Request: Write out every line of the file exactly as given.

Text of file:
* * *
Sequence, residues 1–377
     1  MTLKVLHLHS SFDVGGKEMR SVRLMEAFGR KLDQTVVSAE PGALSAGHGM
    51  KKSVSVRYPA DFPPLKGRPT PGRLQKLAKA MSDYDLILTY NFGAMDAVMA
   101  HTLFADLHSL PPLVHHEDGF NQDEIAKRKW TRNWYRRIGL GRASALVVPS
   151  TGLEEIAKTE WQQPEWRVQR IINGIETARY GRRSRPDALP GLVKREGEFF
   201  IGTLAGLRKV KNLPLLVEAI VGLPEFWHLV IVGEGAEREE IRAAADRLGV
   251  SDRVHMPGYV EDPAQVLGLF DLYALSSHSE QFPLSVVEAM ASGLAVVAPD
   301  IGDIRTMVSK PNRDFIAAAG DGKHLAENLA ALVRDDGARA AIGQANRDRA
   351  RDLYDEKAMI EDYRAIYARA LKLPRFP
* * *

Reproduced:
Sequence, residues 1–377
     1  MTLKVLHLHS SFDVGGKEMR SVRLMEAFGR KLDQTVVSAE PGALSAGHGM
    51  KKSVSVRYPA DFPPLKGRPT PGRLQKLAKA MSDYDLILTY NFGAMDAVMA
   101  HTLFADLHSL PPLVHHEDGF NQDEIAKRKW TRNWYRRIGL GRASALVVPS
   151  TGLEEIAKTE WQQPEWRVQR IINGIETARY GRRSRPDALP GLVKREGEFF
   201  IGTLAGLRKV KNLPLLVEAI VGLPEFWHLV IVGEGAEREE IRAAADRLGV
   251  SDRVHMPGYV EDPAQVLGLF DLYALSSHSE QFPLSVVEAM ASGLAVVAPD
   301  IGDIRTMVSK PNRDFIAAAG DGKHLAENLA ALVRDDGARA AIGQANRDRA
   351  RDLYDEKAMI EDYRAIYARA LKLPRFP